Theta Chi fraternity calls for return of artwork in honor of late brother Otto Warmbier – The Cavalier Daily

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A collage painting dedicated to the deceased brother of the brotherhood Otto Warmbier was stolen from the Theta Chi brotherhood home at 600 Preston Place on the night of September 22, the brothers say.

Warmbier was a member of the Theta Chi fraternity and an Echols scholar from the University who intended to graduate in May 2017. In December 2015, Warmbier visited North Korea as part of a group of tourists. After accusing him of attempting to steal a political banner, the government arrested Warmbier and sentenced him to 15 years of forced labor in North Korea. Warmbier spent 17 months in prison until June 2017, when he was released and returned to the United States unconscious, suffering from severe loss of brain tissue. Warmbier died on June 19, 2017.

Theta Chi’s brothers described the painting as a collage of 3-by-3-foot panels of geometric shapes. The artwork was located in the hallway on the second floor of the chapter house of Theta Chi. At the base of the painting was a plaque that read “Dedicated to our friend Otto Warmbier”.

Third-year student Boby Yadzi says Theta Chi keeps Warmbier’s story alive through the fellowship. A section of the Chapter House is dedicated to his time at the University, including a large steel plate located outside the garage where Warmbier lived.

“Each new pledge class is told Otto’s story and the significance of his death in the story of our chapter,” Yazdi said. “When alumni come to town who were active brothers during his time in the fellowship, they always describe him as a caring and intellectually keen man.”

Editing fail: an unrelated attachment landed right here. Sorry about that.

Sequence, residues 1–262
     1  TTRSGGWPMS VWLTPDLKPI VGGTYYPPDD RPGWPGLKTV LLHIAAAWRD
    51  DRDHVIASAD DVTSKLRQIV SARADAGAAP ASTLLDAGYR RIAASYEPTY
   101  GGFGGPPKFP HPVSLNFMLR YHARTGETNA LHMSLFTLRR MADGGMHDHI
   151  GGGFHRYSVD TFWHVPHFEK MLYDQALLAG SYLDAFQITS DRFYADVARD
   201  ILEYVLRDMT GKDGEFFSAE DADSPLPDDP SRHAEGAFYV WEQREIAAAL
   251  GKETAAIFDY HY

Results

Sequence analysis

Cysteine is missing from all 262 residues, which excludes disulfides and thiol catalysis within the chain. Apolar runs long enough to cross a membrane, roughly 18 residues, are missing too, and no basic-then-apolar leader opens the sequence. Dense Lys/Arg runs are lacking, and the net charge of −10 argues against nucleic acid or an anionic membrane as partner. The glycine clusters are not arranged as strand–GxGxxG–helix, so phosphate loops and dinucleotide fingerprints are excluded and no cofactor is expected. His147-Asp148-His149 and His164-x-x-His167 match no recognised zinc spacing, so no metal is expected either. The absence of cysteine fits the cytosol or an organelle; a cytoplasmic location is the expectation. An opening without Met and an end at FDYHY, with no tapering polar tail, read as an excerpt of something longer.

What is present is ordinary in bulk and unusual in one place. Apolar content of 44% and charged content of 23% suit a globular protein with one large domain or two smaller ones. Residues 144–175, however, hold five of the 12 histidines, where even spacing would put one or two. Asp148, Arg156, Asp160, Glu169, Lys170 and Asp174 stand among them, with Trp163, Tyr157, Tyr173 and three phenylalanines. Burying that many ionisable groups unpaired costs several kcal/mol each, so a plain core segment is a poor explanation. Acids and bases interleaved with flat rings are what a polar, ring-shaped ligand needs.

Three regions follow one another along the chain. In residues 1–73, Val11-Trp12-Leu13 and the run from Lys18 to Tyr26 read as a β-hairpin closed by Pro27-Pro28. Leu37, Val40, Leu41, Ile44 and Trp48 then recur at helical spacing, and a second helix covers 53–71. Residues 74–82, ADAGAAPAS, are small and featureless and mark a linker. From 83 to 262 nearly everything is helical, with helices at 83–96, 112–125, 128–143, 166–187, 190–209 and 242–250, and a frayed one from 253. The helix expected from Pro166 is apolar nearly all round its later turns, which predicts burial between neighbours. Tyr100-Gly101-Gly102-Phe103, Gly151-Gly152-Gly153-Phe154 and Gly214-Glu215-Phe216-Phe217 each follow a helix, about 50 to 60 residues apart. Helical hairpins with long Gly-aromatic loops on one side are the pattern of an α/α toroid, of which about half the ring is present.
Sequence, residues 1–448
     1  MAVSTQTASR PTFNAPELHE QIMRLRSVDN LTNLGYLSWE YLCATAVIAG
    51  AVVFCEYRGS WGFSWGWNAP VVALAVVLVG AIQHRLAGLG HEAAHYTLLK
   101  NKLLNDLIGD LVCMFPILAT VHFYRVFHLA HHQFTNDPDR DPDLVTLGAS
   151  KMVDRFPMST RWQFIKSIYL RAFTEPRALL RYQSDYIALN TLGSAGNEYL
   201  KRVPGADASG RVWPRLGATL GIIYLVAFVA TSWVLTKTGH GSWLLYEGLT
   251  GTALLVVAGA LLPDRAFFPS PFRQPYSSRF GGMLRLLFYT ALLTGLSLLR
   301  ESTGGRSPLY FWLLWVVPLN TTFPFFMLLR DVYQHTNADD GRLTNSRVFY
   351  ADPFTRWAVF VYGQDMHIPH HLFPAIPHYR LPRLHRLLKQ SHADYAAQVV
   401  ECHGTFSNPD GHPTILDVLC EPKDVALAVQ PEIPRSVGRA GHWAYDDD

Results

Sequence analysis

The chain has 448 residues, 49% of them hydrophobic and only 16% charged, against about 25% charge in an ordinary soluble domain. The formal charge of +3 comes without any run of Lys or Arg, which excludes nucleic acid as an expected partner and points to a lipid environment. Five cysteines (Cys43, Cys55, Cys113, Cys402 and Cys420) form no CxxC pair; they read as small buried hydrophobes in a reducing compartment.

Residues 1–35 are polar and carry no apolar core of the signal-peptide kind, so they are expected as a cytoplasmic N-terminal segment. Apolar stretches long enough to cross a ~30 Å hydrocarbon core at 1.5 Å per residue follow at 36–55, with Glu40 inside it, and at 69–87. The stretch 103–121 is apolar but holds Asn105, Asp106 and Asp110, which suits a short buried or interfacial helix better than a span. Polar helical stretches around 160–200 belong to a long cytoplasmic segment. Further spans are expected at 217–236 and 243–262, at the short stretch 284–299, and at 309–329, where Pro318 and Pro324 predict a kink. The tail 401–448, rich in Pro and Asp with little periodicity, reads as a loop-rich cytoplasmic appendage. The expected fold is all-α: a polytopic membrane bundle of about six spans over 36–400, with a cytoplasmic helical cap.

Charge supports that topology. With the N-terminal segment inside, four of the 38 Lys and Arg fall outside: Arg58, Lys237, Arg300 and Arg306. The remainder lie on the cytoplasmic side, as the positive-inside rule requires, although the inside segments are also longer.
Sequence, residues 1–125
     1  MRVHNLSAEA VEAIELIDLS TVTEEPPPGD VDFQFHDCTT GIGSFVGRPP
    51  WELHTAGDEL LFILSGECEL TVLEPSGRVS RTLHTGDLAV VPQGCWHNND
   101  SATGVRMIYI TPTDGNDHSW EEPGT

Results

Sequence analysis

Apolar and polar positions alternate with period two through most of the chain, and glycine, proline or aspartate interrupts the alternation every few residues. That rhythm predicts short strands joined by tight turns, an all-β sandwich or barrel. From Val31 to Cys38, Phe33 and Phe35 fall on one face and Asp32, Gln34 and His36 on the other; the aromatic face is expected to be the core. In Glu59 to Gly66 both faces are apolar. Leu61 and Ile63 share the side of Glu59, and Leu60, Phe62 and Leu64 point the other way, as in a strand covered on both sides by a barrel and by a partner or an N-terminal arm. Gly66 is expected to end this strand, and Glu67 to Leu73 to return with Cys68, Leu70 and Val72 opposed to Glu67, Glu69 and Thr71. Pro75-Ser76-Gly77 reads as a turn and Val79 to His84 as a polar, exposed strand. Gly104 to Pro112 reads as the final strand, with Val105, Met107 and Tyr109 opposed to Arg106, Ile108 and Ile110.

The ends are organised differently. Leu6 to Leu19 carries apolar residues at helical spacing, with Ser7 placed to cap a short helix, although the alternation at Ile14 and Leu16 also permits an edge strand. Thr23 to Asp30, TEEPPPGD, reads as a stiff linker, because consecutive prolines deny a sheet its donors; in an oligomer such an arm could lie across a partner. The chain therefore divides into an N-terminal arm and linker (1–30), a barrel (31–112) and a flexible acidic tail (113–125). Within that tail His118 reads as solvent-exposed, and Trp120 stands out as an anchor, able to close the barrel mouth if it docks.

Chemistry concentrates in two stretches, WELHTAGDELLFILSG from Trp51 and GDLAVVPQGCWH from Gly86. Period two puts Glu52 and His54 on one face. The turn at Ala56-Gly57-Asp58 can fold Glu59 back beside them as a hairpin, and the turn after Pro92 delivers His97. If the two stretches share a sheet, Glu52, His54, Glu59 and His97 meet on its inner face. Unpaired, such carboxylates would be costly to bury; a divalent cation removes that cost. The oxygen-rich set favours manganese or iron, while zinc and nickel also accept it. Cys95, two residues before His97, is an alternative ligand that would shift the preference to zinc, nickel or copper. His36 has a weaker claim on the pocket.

According to Yazdi, it is difficult to determine exactly when the theft took place. The brothers suspect this happened on the night of Wednesday, September 22 – the day before they noticed he was missing.

Third-year student Ray Ruhlmann noted that the chapter believes that whoever took the painting entered the house uninvited.

“I understand that thefts of this nature are not uncommon, composites are often seen by non-members as some kind of prank, but that’s different,” Ruhlmann said in an emailed statement to Cavalier Daily. “Whoever took this paneled collage actively disrespects the legacy of a man who lived and cherished U.Va. until his life was cruelly taken from him by a barbaric authoritarian state.

Ruhlmann said the Theta Chi brothers feel guilty for leaving such a meaningful painting beneath them and are saddened that part of Warmbier’s legacy has potentially been lost.

“The more time has passed since his death, the less the U.Va will enter. community understands Otto’s story and the cruelty of his internment, ”Ruhlman said. “If the painting is not returned, I fear that we will lose the little pieces of his legacy that our fellowship still has, and his memory will continue to fade among the U.Va. Student Council.”

Ruhlmann said the Theta Chi brothers are demanding that the painting be put back safely on their lawn or front door, adding that they are not seeking revenge on whoever took it. The fraternity reported the theft to the Charlottesville Police Department on September 28. James Mooney, deputy head of the CPD, confirmed that a report has been filed and that the investigation is currently underway.

“I understand that you probably made this mistake in a moment of stupid compulsion, and you probably regret what you did,” Ruhlmann said. “This is your opportunity to step up and correct your mistakes. You don’t even need to identify yourself. This work of art does not belong to your apartment, it belongs to the Theta Chi brothers.

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